# HOW TO: Use Easing Functions

#1

You can add more info to overlay animations (check out this guide on overlays right here: A Guide to Using & Animating OVERLAYS ) by using easing functions which can help to make the movement seem more “natural”.

According to the Episode Guides, they’re subtle, and sometimes it may be hard to spot the difference of these easing functions when comparing two overlays side by side, but if you look closely, you should be able to see it ^^

Here’s an example I wrote up, using an overlay from Episode (duplicating it) and showing some easing functions compared to moving it regularly by shifting it.

NOTES:
Background used: EXT. LA SKATE PARK - DAY
Overlay used: CAR ANGLE VINTAGE
Duplicate Overlay used: CAR ANGLE VINTAGE_2
(You don’t need to upload any of them as they come from Episode itself)

ANYWAYS, ENOUGH TALK, HERE’S THE EXAMPLE (GO TEST IT AND SEE WHAT THE EASING FUNCTIONS ARE LIKE, srsly just copy and paste it, that’s all):

label easing

EXT. LA SKATE PARK - DAY

@zoom reset

@overlay CAR ANGLE VINTAGE create
@overlay CAR ANGLE VINTAGE scales to 0.15 0.15
@overlay CAR ANGLE VINTAGE shifts to 120 380
@overlay CAR ANGLE VINTAGE opacity 1

@overlay CAR ANGLE VINTAGE_2 create from CAR ANGLE VINTAGE

@overlay CAR ANGLE VINTAGE_2 scales to 0.15 0.15
@overlay CAR ANGLE VINTAGE_2 shifts to 120 270
@overlay CAR ANGLE VINTAGE_2 opacity 1

NARR
Welcome to a short tutorial on Easing functions.
By default, all easing functions are ‘linear’.
You don’t even need to write “using linear” at the end because whether you add it or not, it’s moving in a straight line.
Here’s an example of both cars moving at the same pace and in one direction:

&overlay CAR ANGLE VINTAGE_2 shifts to -20 270 in 2.5
@overlay CAR ANGLE VINTAGE shifts to -20 380 in 2.5

NARR
Now look at how CAR ANGLE VINTAGE_2 (the top car) moves in a linear direction but CAR ANGLE VINTAGE (the bottom one) moves using an easeout function:

&overlay CAR ANGLE VINTAGE_2 shifts to 120 270 in 2.5
@overlay CAR ANGLE VINTAGE shifts to 120 380 in 2.5 using easeout

NARR
Now look at how CAR ANGLE VINTAGE_2 (the top car) moves in a linear direction but CAR ANGLE VINTAGE (the bottom one) moves using an easein function:

&overlay CAR ANGLE VINTAGE_2 shifts to -20 270 in 2.5
@overlay CAR ANGLE VINTAGE shifts to -20 380 in 2.5 using easein

NARR
Now look at how CAR ANGLE VINTAGE_2 (the top car) moves in a linear direction but CAR ANGLE VINTAGE (the bottom one) moves using an easeinout function:

&overlay CAR ANGLE VINTAGE_2 shifts to 120 270 in 2.5
@overlay CAR ANGLE VINTAGE shifts to 120 380 in 2.5 using easeinout

NARR
Now look at how CAR ANGLE VINTAGE_2 (the top car) moves in a linear direction but CAR ANGLE VINTAGE (the bottom one) moves using an easebounceout function:

&overlay CAR ANGLE VINTAGE_2 shifts to 120 241 in 2.5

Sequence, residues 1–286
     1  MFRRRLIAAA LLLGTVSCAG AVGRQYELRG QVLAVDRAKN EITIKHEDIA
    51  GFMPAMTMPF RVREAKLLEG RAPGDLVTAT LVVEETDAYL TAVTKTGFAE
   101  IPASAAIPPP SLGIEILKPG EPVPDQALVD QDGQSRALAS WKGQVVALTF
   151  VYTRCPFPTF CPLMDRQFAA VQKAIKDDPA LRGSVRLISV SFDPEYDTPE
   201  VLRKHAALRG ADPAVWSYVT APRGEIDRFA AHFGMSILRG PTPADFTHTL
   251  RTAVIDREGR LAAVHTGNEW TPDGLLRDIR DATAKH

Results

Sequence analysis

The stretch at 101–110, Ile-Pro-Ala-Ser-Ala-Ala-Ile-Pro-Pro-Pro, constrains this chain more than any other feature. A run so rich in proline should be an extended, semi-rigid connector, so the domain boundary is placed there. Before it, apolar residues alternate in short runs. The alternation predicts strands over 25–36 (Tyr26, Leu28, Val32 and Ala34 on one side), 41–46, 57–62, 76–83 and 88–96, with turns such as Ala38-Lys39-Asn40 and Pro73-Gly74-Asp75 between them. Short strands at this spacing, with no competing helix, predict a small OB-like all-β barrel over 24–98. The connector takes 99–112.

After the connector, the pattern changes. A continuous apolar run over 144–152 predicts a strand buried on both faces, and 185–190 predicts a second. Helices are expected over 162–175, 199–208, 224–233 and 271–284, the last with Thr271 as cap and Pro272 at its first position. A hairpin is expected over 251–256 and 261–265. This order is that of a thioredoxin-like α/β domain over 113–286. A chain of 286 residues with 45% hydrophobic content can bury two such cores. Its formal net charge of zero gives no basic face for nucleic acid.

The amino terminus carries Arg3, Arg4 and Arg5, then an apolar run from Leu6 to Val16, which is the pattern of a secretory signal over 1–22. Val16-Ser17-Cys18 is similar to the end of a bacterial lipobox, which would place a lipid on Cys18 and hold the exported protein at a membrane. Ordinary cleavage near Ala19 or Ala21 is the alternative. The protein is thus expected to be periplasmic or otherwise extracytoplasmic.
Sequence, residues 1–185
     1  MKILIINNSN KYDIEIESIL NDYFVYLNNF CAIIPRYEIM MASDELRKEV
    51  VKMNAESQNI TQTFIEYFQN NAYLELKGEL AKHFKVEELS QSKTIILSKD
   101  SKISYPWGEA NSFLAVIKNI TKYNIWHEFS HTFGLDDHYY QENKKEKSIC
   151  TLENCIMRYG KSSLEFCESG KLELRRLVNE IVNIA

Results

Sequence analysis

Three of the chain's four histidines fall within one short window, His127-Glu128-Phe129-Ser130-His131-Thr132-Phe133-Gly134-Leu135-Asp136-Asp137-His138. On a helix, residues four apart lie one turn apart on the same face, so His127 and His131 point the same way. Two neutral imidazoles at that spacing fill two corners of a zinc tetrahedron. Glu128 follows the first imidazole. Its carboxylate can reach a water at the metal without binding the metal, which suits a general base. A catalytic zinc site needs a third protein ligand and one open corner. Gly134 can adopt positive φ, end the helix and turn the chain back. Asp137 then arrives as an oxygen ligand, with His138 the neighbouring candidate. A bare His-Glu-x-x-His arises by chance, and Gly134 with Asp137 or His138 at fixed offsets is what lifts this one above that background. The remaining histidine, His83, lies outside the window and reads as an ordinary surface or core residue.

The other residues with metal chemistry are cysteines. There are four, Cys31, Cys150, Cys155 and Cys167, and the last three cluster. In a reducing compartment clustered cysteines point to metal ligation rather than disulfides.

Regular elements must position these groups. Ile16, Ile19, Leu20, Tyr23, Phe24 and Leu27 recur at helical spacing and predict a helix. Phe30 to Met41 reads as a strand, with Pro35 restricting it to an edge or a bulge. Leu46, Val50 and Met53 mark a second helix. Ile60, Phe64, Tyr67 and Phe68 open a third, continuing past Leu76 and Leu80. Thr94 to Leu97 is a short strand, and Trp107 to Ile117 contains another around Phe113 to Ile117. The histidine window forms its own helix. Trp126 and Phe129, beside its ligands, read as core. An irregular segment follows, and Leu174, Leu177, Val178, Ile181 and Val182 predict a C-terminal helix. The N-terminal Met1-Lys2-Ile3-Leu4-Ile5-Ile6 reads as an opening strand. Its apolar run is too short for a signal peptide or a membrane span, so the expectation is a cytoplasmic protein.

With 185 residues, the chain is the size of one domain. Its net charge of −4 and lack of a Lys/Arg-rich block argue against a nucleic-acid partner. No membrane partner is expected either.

@overlay CAR ANGLE VINTAGE shifts to 120 341 in 2.5 using easebounceout

@speechbubble is 155 187 to 100%

NARR
To end off, note that I used 2.5 seconds, however you can use any number of seconds that you want.
These were just some easing functions that exist.
If you go into the Guides, you’ll find a whole list of them!

NARR
One more thing I’d like to discuss.
Let’s look at CAR ANGLE VINTAGE.
When I go to my directing helper, and then my overlay helper, I check out that overlay and see this code:
It says: |italic, color:blue|@overlay CAR ANGLE VINTAGE shifts to 120 341|reset| And |italic, color:blue|@overlay CAR ANGLE VINTAGE scales to 0.150 0.150|reset, no-space|.
What this means:
The value 0.150 is the size of the car (the scale is the size of an overlay, so using the tool scale, you can change the height of an overlay)
The value 120 is a number on the x-coordinate (x coordinate is where the overlay appears horizontally (it can go from left to right)
The value 341 is a number on the y-coordinate (the y-coordinate is where the overlay appears vertically (it can go from top to bottom)
Think of it like a grid.
The y-axis goes up and down (lower numbers below and higher numbers up) as well as the x-axis that goes from left to right (lower numbers on the left side and higher numbers on the right side.)
So, change these numbers accordingly to what fits your scene the best.
P.S All of this I did in zone 1 of this background in case you’re wondering, but you’re probably not lol.
Anyways, back to the start!

@speechbubble reset

@pause for 0

goto easing

…AND THAT’S ALL!

I tried to make it as simple as possible : )

It may look like a lot or may seem complicated but trust me, when you copy it into your script on Writer’s Portal and test it out, it’ll appear “easy”. You can even save it and name that story “Easing Functions” so you can refer to it when you need it.

Anyways, here’s a list of easing functions that are available:

Note: If you don’t don’t write any easing function, then the “linear” one is used by default.

Pic of a Linear Function

That’s all for now < 3
Let me know if you have any questions and have a super cool day/night XOXO

Overlay help I want it to bounce on screen
Make text overlay bounce
#2

Bookmarked
I needed this, I was always too lazy to mess around with and test it for myself

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#7

Special Order for Jem!

BUmP!

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#9

For the longest time I was wondering how people made those cool effects.

#10

And now you now

Or you probably knew before

I haven’t used easing functions in any of my stories lol but I’ve practiced with these a lot and they’re really cool

#11

woooooooooooooooooooooooo

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#13

Thanks for there

#14

No problem

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#16

bump! I ways looking in my bookmarks to find this, and BOOM, showed up, cause I am working on my intro for my storyyyyyyyyyyyyyyyyyy

#17

Bump ^^

#18

Bump <3

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